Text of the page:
Q: The principal legal authority for preventing introductions of invasive plants and plant pests is the Plant Protection Act. The PPA provides strong authority but its implementation has been hampered by internal USDA decisions. How would you ensure that the Department corrects these problems and actively enforces its regulations aimed at ensuring the health and productivity of America’s plant resources?

  • In recent years, more than 20 previously undetected plant pests have been detected in the country each year. Hundreds of shipments of goods entering the country each year contain plant pests. What strategies would you promote to reduce the introduction, spread, and impacts of invasive species?

Q: Given the ever-tightening budget allocated to agencies responsible for addressing invasive species threats, what steps would you take to ensure that our country does not suffer waves of new invasions?

If you have a working relationship with your Senators and believe they understand the invasive species issue fairly well, you might want to suggest more detailed questions:

Q: As you know, the Animal and Plant Health Inspection Service (APHIS) is responsible for preventing introduction and spread of plant pests.

  • In some cases, APHIS has been hesitant to use its authority to penalize importers which routinely receive shipments that violate plant pest (phytosanitary) regulations. [You might cite my blog from last week  which illustrates examples pertaining to wood packaging.] Will you instruct APHIS to use its legal authority to impose civil penalties to deter continuing violations?


  • Trying to prevent pest introductions by increasing the percentage of shipments that are inspected visually will not be effective in many cases. This is true especially with regard to one of the most important pathways by which plant pests are introduced – imports of living plant material such as nursery stock. APHIS began updating its regulations governing plant imports nearly four years ago, but the proposed new regulations have been not been finalized. Will you look into the reasons for delay and take steps to update these regulations to focus on pathway cleanliness rather than continue to rely on ineffective visual inspections?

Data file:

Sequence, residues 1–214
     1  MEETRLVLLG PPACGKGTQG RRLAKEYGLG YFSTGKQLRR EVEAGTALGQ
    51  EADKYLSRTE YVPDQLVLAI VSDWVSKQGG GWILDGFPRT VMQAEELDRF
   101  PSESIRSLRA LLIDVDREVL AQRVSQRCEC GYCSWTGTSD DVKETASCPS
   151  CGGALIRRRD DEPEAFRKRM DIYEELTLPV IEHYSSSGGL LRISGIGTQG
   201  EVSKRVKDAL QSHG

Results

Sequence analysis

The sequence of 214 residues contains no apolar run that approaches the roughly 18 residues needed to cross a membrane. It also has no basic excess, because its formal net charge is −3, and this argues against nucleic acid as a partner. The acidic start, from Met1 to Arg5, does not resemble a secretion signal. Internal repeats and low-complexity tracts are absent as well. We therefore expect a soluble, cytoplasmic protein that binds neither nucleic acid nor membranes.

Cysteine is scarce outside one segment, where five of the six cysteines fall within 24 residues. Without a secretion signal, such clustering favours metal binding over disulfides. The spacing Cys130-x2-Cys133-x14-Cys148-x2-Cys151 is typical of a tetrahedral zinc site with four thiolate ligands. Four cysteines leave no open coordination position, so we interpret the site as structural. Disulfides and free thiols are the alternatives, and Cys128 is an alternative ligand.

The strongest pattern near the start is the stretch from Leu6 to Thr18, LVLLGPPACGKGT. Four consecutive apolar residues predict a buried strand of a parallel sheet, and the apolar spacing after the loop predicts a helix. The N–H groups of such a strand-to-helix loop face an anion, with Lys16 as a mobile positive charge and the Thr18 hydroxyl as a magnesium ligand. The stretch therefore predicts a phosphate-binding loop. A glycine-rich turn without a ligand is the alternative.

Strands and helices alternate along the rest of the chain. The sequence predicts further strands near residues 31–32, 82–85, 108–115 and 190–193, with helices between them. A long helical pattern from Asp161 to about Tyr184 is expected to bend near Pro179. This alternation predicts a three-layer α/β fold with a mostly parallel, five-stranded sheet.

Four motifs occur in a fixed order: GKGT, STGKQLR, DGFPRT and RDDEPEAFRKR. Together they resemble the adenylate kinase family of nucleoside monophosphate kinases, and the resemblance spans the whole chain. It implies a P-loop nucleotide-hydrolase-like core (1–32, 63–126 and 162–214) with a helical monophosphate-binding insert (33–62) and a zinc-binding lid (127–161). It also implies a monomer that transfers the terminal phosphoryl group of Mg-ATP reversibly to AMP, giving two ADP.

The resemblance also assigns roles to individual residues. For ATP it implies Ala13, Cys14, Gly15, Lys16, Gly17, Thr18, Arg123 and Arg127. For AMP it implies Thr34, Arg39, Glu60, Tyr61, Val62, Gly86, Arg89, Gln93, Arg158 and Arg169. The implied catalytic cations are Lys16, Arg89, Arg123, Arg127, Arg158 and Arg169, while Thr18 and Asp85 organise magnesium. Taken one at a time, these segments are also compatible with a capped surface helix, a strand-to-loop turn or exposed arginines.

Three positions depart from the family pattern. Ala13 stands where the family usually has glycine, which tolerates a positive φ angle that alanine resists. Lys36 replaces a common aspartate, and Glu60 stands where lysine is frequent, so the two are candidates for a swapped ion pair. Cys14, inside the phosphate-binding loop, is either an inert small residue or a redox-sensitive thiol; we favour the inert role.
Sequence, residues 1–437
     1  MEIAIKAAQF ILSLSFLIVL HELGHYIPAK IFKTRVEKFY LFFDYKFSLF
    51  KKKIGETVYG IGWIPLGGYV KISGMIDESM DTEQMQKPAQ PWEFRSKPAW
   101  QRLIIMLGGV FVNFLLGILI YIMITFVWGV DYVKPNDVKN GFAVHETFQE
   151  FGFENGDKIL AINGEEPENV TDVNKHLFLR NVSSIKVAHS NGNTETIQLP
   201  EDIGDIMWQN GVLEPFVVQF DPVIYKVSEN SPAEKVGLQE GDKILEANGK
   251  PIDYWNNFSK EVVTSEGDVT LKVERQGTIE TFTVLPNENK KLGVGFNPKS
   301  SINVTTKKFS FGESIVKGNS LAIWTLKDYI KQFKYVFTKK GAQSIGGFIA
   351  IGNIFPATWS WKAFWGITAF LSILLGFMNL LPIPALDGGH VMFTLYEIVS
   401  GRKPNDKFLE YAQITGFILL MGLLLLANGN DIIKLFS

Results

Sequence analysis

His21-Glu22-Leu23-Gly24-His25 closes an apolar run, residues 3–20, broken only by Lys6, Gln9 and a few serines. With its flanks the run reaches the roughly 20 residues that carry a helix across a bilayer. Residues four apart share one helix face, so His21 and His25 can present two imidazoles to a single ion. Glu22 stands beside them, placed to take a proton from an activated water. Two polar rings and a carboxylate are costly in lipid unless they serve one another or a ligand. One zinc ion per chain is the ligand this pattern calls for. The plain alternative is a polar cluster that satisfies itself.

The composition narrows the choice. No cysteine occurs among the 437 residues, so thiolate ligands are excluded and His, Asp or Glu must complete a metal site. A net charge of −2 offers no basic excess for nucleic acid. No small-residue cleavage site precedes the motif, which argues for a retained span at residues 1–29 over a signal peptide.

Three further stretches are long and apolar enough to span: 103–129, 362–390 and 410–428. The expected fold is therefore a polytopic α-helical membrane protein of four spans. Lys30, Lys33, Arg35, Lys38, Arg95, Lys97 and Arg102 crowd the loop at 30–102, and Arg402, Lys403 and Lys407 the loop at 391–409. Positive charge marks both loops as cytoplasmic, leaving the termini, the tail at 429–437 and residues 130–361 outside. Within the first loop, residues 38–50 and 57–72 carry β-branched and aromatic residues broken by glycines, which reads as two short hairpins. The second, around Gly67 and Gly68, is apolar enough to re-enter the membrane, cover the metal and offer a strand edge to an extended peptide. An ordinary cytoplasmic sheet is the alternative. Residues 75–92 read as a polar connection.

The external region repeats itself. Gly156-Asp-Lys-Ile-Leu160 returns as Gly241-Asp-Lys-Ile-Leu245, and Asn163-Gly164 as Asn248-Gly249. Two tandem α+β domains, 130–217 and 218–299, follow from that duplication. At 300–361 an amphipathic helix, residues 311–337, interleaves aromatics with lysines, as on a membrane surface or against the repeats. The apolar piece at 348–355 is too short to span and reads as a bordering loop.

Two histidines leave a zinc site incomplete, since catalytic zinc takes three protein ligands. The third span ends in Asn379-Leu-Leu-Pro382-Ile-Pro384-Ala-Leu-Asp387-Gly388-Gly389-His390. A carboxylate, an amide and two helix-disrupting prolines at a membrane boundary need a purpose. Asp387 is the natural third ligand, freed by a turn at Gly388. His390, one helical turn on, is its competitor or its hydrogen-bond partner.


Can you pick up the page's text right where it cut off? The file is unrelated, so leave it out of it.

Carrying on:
Q: Urban forests across the country are under threat from a growing number of non-native or introduced insect pests. Examples include the emerald ash borer – now found in 27 states; Asian longhorned beetle – which threatens a large proportion of urban trees across the country; and polyphagous and Kuroshio shot hole borers – killing many trees in southern California.

Urban forests are at particularly high risk of infestation by non-native pests because they are growing near ports and other transportation hubs where such pests are first introduced. Furthermore, each individual tree in an urban setting provides important benefits in the form of shade, moderation of storm water runoff, abatement of air pollutants, enhanced property values, and neighborhood amenities.

  • Will you fully utilize the authorities under the Plant Protection Act to help ensure the health and productivity of America’s urban forests?
  • [If you have not already suggested the questions outlined above re: wood packaging and other pathways, you might suggest them in this context.]


The Secretary of Agriculture also oversees the Forest Service. Pertinent questions:

Q: Invasives are as great a threat to eastern forests as wildfires are in the West. Despite the growing damage and ecological destruction we are witnessing the budgets for research on strategies to minimize these bioinvaders’ impacts are actually falling. How will you work to provide solutions to this quandary?

As I said in my blog at the end of December, what is missing is a political demand for action – and support for necessary staff and funding. Agencies under the secretaries of Agriculture and Interior bear most of the responsibility for managing invasive species. As long as these officials are not being pressed by key Congressional committees, the media, and key stakeholders to take more aggressive and effective action to curtail species introductions and suppress established populations of bioinvaders, they will continue to focus their attention on issues that do generate these kinds of political pressure.